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Table of Contents
CASE REPORT
Year : 2011  |  Volume : 27  |  Issue : 4  |  Page : 561-563

Tumor lysis syndrome developing intraoperatively


1 Department of Anaesthesiology, Dharmshila Cancer Hospital and Research Centre, Vasundhara Enclave, Shahdara, India
2 Swami Dayanand Hospital, Shahdara, India
3 Indraprastha Apollo Hospital, Delhi, India
4 Fortis Hospital, Noida, Uttar Pradesh, India

Date of Web Publication24-Oct-2011

Correspondence Address:
Ankur Verma
2B, B9/8, Srijan Apartments, Sector 62, Noida, Uttar Pradesh - 210 307
India
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Source of Support: None, Conflict of Interest: None


DOI: 10.4103/0970-9185.86611

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   Abstract 

Tumor lysis syndrome is a potentially life threatening condition which is most commonly encountered in patients being treated with chemotherapy. We report a case of spontaneous tumor lysis syndrome that developed intraoperatively in a patient with undiagnosed Burkitt's lymphoma. Characteristic electrolyte disturbances and white emulsion like urine following laparotomy and tumor handling intraoperatively suggested the diagnosis. This is a rare perioperative complication and the report emphasizes the importance of being vigilant in recognizing the same.

Keywords: Continuous venous-venous hemodialysis, Burkitt lymphoma, intraoperatively, tumor lysis syndrome, ventricular arrhythmia


How to cite this article:
Verma A, Mathur R, Chauhan M, Ranjan P. Tumor lysis syndrome developing intraoperatively. J Anaesthesiol Clin Pharmacol 2011;27:561-3

How to cite this URL:
Verma A, Mathur R, Chauhan M, Ranjan P. Tumor lysis syndrome developing intraoperatively. J Anaesthesiol Clin Pharmacol [serial online] 2011 [cited 2019 Oct 23];27:561-3. Available from: http://www.joacp.org/text.asp?2011/27/4/561/86611


   Introduction Top


Tumor lysis syndrome (TLS) is an infrequent presentation in operating room requiring prompt management. We describe a case of TLS which presented with sudden ventricular arrhythmia during a laparotomy in a patient of lymphoma. Intensive resuscitation in the operating room followed by emergent hemodialysis in the intensive care unit was needed to manage the complications.


   Case Report Top


A 40-year-old man was admitted to the hospital with one-week history of abdominal distension and pain. Patient had clinical signs of intestinal obstruction with presenting complaints of constipation with vomiting of one-week duration and abdominal tenderness on palpation. Blood investigations were normal except for leukocytosis with a white cell count of 15.4 × 10 9 /l. Serum biochemistry tests were abnormal, showing a potassium level of 5.8 meq/l, serum creatinine level of 1.8 mg/dl, and a phosphate of 2.54 mmol/l. Liver enzyme tests were also deranged with an alanine transaminase (ALT) of 65 IU/l, aspartate transaminase (AST) of 156 IU/l and lactate dehydrogenase (LDH) of 4321 IU/l.

Computed tomography revealed extensive soft tissue lesions involving the abdominal and pelvic cavities and retroperitoneum [Figure 1]. Bilateral pleural effusion was detected and fluid analysis and cytology report was suggestive of lymphomatous pathology. Emergency laparotomy was then planned to relieve obstruction and simultaneously confirm the diagnosis and stage the disease. Preoperative hyperkalemia was treated with calcium gluconate and insulin and dextrose.
Figure 1: CT scan

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Cefixime 1.5 g and metronidazole 500 mg intravenous (IV) were administered. Pre-emptive analgesia was given with fentanyl 100 mcg IV and diclofenac 75 mg IV. Rapid sequence induction/intubation was done with propofol (120 mg) and rocuronium (70 mg) IV. Succinylcholine was avoided in view of hyperkalemia. Anesthesia was maintained using a mixture of isoflurane (0.4 - 1%), air and oxygen. Atracurium (5 mg IV) was administered intermittently, as per the requirement, to maintain neuromuscular blockade. Total of 4 l of fluid (3 l crystalloid, 1 l colloid) was infused intraoperatively.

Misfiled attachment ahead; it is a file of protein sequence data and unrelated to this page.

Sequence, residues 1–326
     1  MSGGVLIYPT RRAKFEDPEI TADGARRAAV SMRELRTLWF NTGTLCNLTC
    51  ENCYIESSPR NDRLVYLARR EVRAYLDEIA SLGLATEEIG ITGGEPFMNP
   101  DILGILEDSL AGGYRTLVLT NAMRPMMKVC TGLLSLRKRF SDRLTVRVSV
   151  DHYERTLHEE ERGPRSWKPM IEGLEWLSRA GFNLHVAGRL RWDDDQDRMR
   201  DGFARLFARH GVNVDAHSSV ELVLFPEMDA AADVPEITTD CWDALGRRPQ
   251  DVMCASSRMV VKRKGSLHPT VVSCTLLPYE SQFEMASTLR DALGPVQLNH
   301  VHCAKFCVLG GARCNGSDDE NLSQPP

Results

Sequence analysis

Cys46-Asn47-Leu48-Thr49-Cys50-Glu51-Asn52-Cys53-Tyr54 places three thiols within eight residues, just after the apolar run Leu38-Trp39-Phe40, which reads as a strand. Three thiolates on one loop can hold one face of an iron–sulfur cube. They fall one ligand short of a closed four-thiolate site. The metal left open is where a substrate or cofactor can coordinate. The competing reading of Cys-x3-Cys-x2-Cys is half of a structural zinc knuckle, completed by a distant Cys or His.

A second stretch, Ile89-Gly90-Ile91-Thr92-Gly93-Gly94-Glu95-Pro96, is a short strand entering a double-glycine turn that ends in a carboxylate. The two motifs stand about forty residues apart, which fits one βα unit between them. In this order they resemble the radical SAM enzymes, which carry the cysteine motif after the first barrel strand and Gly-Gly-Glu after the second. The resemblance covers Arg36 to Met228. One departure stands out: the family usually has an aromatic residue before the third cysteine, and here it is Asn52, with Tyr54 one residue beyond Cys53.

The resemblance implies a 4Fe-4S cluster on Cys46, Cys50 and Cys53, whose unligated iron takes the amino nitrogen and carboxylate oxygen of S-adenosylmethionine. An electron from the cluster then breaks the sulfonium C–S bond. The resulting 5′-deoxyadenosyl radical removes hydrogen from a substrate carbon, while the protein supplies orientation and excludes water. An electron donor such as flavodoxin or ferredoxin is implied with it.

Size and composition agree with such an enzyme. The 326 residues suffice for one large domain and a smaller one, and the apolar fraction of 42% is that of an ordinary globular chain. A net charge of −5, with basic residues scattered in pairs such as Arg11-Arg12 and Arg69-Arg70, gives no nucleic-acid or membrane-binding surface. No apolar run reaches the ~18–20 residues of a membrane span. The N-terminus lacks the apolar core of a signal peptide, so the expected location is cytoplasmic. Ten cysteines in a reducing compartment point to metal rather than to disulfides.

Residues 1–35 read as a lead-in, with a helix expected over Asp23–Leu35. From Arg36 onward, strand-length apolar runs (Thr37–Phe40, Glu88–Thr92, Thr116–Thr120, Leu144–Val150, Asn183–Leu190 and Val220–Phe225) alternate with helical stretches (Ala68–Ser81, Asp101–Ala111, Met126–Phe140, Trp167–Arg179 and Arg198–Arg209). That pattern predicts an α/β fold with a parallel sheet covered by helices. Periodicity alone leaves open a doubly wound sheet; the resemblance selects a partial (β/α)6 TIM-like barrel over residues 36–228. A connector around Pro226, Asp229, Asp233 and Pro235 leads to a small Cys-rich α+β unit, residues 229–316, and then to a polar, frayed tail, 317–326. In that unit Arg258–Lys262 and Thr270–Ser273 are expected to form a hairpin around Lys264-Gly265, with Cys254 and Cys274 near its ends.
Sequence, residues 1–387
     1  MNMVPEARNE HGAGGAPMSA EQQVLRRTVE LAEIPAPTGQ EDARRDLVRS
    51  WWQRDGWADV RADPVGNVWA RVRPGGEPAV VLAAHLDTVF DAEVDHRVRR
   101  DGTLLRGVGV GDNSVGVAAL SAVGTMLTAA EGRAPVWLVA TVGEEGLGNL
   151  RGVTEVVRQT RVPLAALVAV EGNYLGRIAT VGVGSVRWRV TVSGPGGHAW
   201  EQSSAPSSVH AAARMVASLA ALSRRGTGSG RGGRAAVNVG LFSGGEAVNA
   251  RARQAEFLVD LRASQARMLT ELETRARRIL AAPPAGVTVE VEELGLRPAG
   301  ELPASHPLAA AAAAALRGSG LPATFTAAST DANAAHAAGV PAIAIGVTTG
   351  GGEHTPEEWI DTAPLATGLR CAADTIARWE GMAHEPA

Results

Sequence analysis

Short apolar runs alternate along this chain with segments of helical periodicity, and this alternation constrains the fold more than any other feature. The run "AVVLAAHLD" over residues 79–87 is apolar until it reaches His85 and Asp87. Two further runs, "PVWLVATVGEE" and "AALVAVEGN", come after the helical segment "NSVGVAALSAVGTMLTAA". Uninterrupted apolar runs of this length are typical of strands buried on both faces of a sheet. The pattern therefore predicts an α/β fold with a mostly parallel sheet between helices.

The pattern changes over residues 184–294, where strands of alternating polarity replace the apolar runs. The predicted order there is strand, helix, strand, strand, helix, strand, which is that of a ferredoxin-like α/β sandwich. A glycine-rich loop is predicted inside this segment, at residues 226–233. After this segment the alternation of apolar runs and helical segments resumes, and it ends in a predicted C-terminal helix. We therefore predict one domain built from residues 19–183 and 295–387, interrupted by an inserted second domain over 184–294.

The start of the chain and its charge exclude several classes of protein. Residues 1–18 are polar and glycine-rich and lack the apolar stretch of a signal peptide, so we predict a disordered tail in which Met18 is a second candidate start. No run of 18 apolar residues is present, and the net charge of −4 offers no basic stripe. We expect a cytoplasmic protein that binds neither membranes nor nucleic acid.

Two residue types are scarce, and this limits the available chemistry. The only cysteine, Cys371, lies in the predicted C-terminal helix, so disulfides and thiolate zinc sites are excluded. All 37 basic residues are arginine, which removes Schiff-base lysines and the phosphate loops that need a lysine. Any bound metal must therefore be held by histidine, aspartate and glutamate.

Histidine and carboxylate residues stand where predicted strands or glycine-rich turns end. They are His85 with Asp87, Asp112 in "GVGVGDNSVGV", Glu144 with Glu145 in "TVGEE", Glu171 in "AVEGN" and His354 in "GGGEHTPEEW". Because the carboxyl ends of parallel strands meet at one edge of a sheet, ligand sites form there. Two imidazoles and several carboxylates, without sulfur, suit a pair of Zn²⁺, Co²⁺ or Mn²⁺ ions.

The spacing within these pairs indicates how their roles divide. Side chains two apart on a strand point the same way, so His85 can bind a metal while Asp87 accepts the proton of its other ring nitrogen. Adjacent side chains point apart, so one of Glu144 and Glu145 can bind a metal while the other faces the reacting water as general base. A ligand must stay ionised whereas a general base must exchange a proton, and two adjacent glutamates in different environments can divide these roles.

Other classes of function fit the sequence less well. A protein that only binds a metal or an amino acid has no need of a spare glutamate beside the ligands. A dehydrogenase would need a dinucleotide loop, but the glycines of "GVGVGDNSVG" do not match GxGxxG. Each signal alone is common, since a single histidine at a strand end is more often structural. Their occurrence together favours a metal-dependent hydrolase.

Intraoperative finding disseminated peritoneal deposits throughout the abdomen. Multiple biopsies from different areas were taken to confirm the diagnosis. Debulking of the mass obstructing the bowel was done to relieve the intestinal obstruction. The operation progressed uneventfully except for occasional ventricular ectopics. An episode of life-threatening ventricular arrhythmia, lasting for 30 min, occurred at the closure of abdomen. During the episode, recurrent and alternating ventricular fibrillation and ventricular tachycardia occurred, which were treated promptly by repeated defibrillation and anti-arrhythmic agents (amiodarone 150 mg over 10 min) in the operating room.

Blood sample sent for laboratory examination revealed severe hyperkalemia 6.6 mmol/l, hypocalcemia (0.86 mmol/l) and deranged serum creatinine (1.9 mg/dl) but normal arterial blood gases. During the resuscitation, intravenous calcium gluconate, sodium bicarbonate, rapid-acting insulin and dextrose solutions were also administered to treat the hyperkalemia. After restoration of normal rhythm and perfusion, the patient was transferred to the intensive care unit (ICU) for further management. In the ICU, controlled ventilation was continued. Sedation and analgesia were provided using propofol and morphine infusions respectively. Ventricular tachycardia recurred, which was cardioverted.

Postoperative blood results showed that the potassium had risen to 7.6 mmol/l, creatinine to 2.4 mg/dl and phosphate to 2.64 mmol/l, while the total calcium concentration had fallen to 1.67 mmol/l (normal range 2.2-2.7 mmol/l). A presumptive diagnosis of TLS was made and in view of uncontrolled hyperkalemia, continuous venous-venous hemodialysis (CVVHD) was started. After the initiation of CVVHD, the arrhythmias settled, and 6 h later, serum potassium levels decreased to5 mmol/l.

Within 8 h of arrival on the ICU, the urine output of the patient decreased and on changing the catheter patient passed around 500 ml of white emulsion like urine. Urine microscopy revealed the deposits of uric acid crystals. The plasma uric acid level was found to be raised to 16.7 mg/ dl (normal 3.1-8.3 mg/ dl). The diagnosis of TLS was confirmed and the treatment was commenced with rasburicase, a recombinant urate oxidase enzyme (0.2 mg/kg/day), in conjunction with allopurinol and vigorous hydration to treat hyperuricemia. Blood uric acid dropped to 9.1 mg/dl 2 days after the operation. Fluid resuscitation and control of electrolyte disturbances continued producing a urine output in excess of 1ml/kg/h.